The seat For my general comments on the BA Club World seating, see the outbound review here. The major difference between Club World on the upper and lower decks on the B747-400 is the number of seats configured across (2-4-2 on the lower deck compared with 2-2 on the upper deck). The result is that the middle two seats of the middle block (E and F) face the same way as each other, rather than opposite ways as the other seats do throughout the rest of the cabin. This is great if you are travelling with a friend or partner, but a little intimate if you are sitting next to a stranger, as the privacy divider between the two is far less effective than the electronic screen between the alternating seats. For a seatplan of this aircraft click here.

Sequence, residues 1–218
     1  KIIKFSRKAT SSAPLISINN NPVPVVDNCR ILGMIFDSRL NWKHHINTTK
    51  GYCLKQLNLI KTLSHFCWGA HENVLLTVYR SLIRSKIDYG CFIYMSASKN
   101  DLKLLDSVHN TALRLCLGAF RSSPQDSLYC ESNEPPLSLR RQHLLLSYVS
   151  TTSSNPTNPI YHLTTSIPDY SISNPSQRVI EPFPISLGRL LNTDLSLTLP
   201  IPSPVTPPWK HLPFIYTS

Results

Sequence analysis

Which seat to choose? There are two Club World cabins on the lower deck of the High-J version of the B747-400 – two rows of seats to the left as you enter before first class, and four rows to the right before World Traveller Plus. My seat, 18D, was on the aisle in the second cabin, and having travelled in a window seat on the outbound journey I much preferred the enclosed feeling of the former, and also missed the side storage bins. My preference on the lower deck would be the window seats on either side, followed by the centre seats if travelling with a partner, and probably an aisle seat if not. I would also opt to sit upstairs if possible rather than on the lower deck, as there is a more private feel in “the bubble”.